Unpaid child support to result in vehicle registration holds this fall

On Behalf of | Aug 15, 2016 | Family Law

Behind on your child support? The state of Texas may make it difficult for you to get behind the wheel of your car.

This fall, the Texas Attorney General’s Office plans on blocking vehicle registration renewal for parents who have not paid child support for six months or more.

The policy will begin affecting vehicle registrations that are up for renewal in December. Those with six months or more of unpaid child support will receive notice about the potential hold on their renewal in the three-month renewal notice in September. They will also receive instructions about how to remove the hold on their renewal in a letter from the Child Support Division.

In order to have the hold removed, parents will have to pay the child support that is due in its entirety.

The AG’s office is currently able to take away driver’s licenses and revoke professional and recreational licenses, but a spokesperson for the Child Support Division said they want to “use every tool” they can to collect unpaid child support.

However, the enforcement method has been criticized by those who say that it could backfire. In many cases, parents are behind on child support because they can’t afford it, and taking away their transportation to and from work could only make matters worse.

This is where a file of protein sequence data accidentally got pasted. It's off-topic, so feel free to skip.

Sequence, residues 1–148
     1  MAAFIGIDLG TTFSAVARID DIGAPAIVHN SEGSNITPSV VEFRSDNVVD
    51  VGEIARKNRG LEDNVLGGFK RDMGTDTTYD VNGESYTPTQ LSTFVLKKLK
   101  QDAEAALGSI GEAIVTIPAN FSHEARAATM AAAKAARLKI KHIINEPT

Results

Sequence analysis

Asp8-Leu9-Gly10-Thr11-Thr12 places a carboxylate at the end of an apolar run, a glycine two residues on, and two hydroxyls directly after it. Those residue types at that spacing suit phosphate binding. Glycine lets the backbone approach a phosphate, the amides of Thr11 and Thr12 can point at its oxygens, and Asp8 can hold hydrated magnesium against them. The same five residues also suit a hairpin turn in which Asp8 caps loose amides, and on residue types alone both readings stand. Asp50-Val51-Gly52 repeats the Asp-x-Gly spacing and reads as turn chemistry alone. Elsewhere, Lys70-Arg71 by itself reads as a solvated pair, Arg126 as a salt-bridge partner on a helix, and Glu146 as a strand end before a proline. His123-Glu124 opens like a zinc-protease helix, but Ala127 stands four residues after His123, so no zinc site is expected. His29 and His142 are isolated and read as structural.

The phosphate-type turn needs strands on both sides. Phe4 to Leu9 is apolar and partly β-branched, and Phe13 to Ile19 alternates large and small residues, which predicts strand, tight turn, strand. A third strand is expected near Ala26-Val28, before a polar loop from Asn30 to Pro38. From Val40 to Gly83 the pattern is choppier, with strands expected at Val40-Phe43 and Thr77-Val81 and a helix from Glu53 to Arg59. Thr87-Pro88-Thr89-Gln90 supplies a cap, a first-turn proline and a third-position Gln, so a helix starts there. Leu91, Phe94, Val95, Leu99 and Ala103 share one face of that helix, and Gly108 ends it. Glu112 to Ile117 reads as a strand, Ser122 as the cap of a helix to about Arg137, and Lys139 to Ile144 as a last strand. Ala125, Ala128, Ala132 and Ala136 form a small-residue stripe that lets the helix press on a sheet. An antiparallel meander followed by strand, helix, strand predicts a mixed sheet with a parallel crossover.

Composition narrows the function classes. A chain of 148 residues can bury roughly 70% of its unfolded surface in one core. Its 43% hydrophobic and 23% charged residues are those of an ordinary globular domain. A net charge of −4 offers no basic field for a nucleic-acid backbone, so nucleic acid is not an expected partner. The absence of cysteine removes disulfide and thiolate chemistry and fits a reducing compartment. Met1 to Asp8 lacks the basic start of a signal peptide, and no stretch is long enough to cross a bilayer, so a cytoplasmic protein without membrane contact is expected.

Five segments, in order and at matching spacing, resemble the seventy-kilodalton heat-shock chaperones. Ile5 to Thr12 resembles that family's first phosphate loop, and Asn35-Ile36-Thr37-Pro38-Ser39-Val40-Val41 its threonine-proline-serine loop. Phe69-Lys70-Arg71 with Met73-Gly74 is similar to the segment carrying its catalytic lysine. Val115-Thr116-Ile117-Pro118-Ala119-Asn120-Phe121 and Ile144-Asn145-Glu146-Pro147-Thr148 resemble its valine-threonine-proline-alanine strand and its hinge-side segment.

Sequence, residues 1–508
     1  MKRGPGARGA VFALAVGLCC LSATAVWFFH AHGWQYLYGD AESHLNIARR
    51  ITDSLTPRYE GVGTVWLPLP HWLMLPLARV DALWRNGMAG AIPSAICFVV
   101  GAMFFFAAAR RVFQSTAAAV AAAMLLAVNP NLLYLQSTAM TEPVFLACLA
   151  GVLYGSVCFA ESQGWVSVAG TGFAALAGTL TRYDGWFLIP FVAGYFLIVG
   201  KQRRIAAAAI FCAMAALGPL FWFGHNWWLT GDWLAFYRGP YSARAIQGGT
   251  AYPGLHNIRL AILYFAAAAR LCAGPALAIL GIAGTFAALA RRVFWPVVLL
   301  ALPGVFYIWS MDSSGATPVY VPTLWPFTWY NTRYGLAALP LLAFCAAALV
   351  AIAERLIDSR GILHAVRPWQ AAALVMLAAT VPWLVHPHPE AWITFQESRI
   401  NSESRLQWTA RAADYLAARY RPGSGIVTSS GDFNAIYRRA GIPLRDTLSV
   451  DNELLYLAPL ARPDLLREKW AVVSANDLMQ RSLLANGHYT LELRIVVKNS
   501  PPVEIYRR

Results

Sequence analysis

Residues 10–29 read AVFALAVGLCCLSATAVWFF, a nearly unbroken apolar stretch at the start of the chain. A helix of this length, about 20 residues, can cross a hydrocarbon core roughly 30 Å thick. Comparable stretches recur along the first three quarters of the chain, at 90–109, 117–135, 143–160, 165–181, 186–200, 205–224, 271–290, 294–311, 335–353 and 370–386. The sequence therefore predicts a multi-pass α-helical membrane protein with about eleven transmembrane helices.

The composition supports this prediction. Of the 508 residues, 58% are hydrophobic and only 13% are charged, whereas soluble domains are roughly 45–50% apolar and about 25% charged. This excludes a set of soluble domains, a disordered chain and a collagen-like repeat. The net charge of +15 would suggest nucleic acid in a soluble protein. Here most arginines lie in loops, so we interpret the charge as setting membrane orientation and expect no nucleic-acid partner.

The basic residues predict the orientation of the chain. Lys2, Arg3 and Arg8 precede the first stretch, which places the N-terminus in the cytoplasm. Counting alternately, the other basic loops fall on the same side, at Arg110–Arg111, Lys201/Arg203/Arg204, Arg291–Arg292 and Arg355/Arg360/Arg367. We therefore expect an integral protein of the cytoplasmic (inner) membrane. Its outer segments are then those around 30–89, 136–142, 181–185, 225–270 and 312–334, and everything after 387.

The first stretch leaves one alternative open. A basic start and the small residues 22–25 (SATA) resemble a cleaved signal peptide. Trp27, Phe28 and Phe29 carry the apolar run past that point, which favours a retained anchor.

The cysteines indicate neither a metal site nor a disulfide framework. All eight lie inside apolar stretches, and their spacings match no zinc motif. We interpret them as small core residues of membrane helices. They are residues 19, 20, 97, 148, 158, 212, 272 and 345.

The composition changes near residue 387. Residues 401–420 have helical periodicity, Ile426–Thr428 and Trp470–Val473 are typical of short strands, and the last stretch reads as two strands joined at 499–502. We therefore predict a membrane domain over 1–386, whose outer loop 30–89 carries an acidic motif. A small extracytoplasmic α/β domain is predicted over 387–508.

Additionally, some family law attorneys have voiced concern over the fact that there is no judicial hearing to determine whether the hold should be in place or if a mistake may have been made.

If you are in jeopardy of your vehicle registration renewal being blocked because of unpaid child support, and you have fallen behind on child support because you cannot afford the payments, then it’s important to ask the court to modify your child support obligations as soon as possible.

An experienced family law attorney can help you with the process, which involves explaining to the court that there has been a significant change in circumstances since the amount of child support was ordered — you lost your job, you got a lower paying job, you had additional children, etc. — and that the child support is no longer reasonable.

It’s important to act quickly because changes to child support obligations usually do not apply retroactively. That means if the court decides to modify your child support, it will only apply to future payments, not past payments.

You can find out more information about the new policy here.